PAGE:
Last week, the South Dakota legislature overwhelmingly enacted a statute that would ban all abortions in the Coyote State except those done to save the life of a mother. The bill requires only the signature of pro-life Gov. Mike Rounds to become law. The legislation is designed to take direct aim at the U.S. Supreme Court's 1973 decision Roe v. Wade, in which the court found that the constitutionally protected right to privacy applied to women's reproductive decisions including allowing them access to abortions.
The South Dakota bill declares "that life begins at the time of conception" and "that to fully protect the rights, interests, and health of the pregnant mother, the rights, interest, and life of her unborn child, and the mother's fundamental natural intrinsic right to a relationship with her child, abortions in South Dakota should be prohibited."
The bill further defines "unborn human being" as an "individual living member of the species, homo sapiens, throughout the entire embryonic and fetal ages of the unborn child from fertilization to full gestation and childbirth" and "fertilization" as "that point in time when a male human sperm penetrates the zona pellucida of a female human ovum."
South Dakota's anti-abortion act does not outlaw contraception. The bill reads that "nothing...may be construed to prohibit the sale, use, prescription, or administration of a contraceptive measure, drug or chemical, if it is administered prior to the time when a pregnancy could be determined through conventional medical testing and if the contraceptive measure is sold, used, prescribed, or administered in accordance with manufacturer instructions."
This language is not a clear as it might at first seem. For example, it generally takes about a week for a fertilized egg to develop into a blastocyst which is capable of implanting itself in a woman's uterus. Then it's another eight days after implantation before the most sensitive commercial pregnancy tests can find that a pregnancy has begun. So "conventional medical testing" cannot detect a pregnancy until two weeks after fertilization, i.e., conception.
Consequently, one possible reading of the statute is that there is a two week window in which the administration of a "contraceptive measure" would be legal and another contradictory reading in which anything after conception would be an illegal abortion. This second reading could outlaw some popular birth control methods. Consider intrauterine devices (IUDs) which can occasionally prevent the implantation of a fertilized egg. And what about high-dosage hormonal emergency contraception such as Plan B, which needs to be taken 72 hours after unprotected sexual intercourse? Again in rare cases, Plan B may halt the implantation of an already fertilized egg.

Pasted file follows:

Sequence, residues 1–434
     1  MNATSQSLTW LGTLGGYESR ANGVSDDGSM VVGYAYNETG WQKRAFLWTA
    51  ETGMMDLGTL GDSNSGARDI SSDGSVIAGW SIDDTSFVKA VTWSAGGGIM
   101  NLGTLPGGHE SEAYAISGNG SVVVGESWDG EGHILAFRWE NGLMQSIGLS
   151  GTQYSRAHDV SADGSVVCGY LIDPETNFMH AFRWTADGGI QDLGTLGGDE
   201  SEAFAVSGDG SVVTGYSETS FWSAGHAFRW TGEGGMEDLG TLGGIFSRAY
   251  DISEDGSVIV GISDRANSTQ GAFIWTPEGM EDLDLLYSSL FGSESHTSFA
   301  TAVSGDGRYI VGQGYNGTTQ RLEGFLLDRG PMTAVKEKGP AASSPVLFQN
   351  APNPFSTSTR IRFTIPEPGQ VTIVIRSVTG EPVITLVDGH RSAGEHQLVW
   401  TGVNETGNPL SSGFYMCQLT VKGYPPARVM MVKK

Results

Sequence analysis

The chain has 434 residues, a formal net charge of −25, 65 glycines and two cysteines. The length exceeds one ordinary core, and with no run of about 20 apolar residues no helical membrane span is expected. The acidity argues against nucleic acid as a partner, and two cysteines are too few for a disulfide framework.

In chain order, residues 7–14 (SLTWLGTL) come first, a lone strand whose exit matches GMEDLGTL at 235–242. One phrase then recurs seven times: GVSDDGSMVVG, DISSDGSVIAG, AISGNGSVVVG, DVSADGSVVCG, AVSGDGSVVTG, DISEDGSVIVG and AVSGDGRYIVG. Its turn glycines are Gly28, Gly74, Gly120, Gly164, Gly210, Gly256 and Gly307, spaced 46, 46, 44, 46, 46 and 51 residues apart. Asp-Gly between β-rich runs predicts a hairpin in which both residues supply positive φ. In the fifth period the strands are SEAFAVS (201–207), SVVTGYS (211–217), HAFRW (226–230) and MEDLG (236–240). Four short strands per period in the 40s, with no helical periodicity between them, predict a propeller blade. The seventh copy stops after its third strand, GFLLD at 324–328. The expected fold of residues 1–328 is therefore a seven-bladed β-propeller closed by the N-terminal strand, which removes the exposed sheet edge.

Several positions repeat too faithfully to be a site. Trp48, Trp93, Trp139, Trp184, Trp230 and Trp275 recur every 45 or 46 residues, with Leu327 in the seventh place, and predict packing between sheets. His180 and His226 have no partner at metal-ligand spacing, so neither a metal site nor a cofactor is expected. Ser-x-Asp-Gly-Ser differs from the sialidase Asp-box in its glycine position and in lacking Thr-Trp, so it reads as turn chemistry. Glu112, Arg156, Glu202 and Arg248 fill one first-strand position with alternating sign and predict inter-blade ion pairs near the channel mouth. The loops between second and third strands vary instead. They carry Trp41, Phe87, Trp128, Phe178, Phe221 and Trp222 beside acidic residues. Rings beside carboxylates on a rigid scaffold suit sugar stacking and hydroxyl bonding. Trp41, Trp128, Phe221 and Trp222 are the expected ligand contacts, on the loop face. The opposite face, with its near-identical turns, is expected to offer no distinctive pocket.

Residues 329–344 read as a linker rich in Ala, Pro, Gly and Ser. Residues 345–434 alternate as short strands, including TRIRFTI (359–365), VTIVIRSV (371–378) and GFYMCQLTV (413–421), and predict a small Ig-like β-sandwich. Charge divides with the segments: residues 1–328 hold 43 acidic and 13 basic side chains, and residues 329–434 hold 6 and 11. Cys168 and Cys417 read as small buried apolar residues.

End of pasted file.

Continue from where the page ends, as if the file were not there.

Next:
Parsing the legislation further, perhaps a way out of these legal conundrums is contained in the language that declares "no person may knowingly administer to, prescribe for, or procure for, or sell to any pregnant woman any medicine, drug, or other substance with the specific intent of causing or abetting the termination of the life of an unborn human being." The providers of IUDs or Plan B cannot know for sure that an egg has already been fertilized; thus their intent is only to prevent conception.
Yet, in 1998, South Dakota took the lead in the current national debate over whether or not pharmacists can refuse to dispense medication based on the promptings of their consciences. In particular, South Dakota law allows pharmacists to refuse emergency contraception to women to whom it has been prescribed. South Dakota law declares, "No pharmacist may be required to dispense medication if there is reason to believe that the medication would be used to (1) cause an abortion; or (2) destroy an unborn child." Meanwhile, and somewhat contradictorily, the South Dakota legislature is now considering a bill that would require hospitals to offer emergency contraception to women who have been raped.
South Dakota law does allow embryos to be created for in vitro fertilization. However, this new bill could be interpreted to outlaw in vitro fertilization in which not all embryos are implanted in a patient's womb. After all, they are by law all "unborn human beings." It could be argued that the law logically requires that all embryos produced by IVF be implanted even if they are genetically defective.
The South Dakota anti-abortion statute could have far-reaching effects not only on women's reproductive choices, but also on the future of much biomedical research nationwide. In a worst case scenario, a U.S. Supreme Court newly packed with anti-abortion justices could use South Dakota's legislation as a vehicle to overturn Roe v. Wade and declare that embryos under the Constitution are people. Such a ruling would not only outlaw abortion nationally, it would also criminalize human embryonic stem cell and cloning research and impose onerous restrictions on in vitro fertilization. America's culture war over who gets to control human reproduction—individuals or the state—is far from over.